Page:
3. Voices Inside My Head!: As most of you know, I’ve been couch surfing my way around the world. It’s been amazing, but not always smooth sailing. And it’s been those times when I didn’t listen to that voice in my head that said “go to a hostel or a hotel”. When traveling in a strange land, go with your gut! It’s nature’s way of alerting you that something is amiss, perhaps even dangerous. The times I ignored that little voice inside my head I ran smack into trouble and had a bad experience. Nothing major, just unpleasant. When the voice told me to find someplace else to stay, I should have listened. When it told me not to attempt to go down that canyon, I should have listened. When it told me….well, you get the idea.

Knee Issues: Herein may have lay part of the stressed knee problem! Not enough leg room on some buses in South America for people more than five feet tall!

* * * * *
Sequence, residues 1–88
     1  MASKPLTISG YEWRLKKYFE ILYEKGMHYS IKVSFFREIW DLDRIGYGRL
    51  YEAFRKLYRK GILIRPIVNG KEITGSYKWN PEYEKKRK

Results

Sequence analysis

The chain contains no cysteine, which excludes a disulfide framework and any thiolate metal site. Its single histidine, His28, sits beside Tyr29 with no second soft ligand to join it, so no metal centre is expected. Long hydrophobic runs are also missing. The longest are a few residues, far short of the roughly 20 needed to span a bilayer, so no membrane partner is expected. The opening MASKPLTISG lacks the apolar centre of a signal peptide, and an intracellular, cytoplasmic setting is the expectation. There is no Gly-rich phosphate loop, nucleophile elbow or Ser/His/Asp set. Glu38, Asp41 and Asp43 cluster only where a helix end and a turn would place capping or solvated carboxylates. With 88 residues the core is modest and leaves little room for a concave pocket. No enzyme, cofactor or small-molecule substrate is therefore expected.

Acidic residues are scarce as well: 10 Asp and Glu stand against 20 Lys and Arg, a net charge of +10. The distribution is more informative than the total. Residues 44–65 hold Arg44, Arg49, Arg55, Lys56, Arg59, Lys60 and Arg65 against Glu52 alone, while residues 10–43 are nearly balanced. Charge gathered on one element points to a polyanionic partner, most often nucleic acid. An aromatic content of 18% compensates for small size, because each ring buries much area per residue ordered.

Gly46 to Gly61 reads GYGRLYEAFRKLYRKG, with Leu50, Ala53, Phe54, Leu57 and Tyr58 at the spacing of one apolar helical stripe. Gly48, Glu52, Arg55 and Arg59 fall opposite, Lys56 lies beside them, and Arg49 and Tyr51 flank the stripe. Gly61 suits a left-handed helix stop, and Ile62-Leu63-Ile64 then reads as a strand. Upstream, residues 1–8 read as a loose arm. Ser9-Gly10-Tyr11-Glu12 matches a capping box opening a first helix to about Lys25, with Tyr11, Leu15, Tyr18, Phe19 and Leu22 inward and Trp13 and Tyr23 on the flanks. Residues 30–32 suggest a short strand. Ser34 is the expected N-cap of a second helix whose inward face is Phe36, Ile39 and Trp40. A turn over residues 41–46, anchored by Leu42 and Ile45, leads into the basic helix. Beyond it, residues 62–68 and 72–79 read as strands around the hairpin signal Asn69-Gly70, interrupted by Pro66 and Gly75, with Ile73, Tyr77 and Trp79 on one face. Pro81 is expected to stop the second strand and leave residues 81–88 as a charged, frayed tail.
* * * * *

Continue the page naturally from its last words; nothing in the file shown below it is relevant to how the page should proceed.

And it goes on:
Two-plus hours on a bus - in this position - to Santa Marta, Colombia

4. Tentative РI bought a tent for this trip and it was one of the things I ended up shipping back to the United States because I was carrying way too much. I should have kept the tent! Housing is important and that tent would have come in handy throughout South America. I had used it only a couple of times and thought I would not use it again. Wrong! So many places that allow camping and it would have been great to have it and awake in some beautiful spots. The  tent stays with me on the rest of the journey.

5. Thanks For The Advice: When you travel you will run in to people who have advice as to where and where not to go. What to see and what to skip. Opinions, opinions, opinions. But it’s your trip and if you have your heart set on someplace, do not allow others to dissuade you. Do your own research and decided for yourself if it’s worth it. A couple of times, against my better judgment, I skipped a couple of places then heard from others that those places were phenomenal. For instance, I am hearing from some that the Egyptian Pyramids are a bore. No amount of criticism of the pyramids will keep me out of Egypt. I will draw my own conclusions about the pyramids.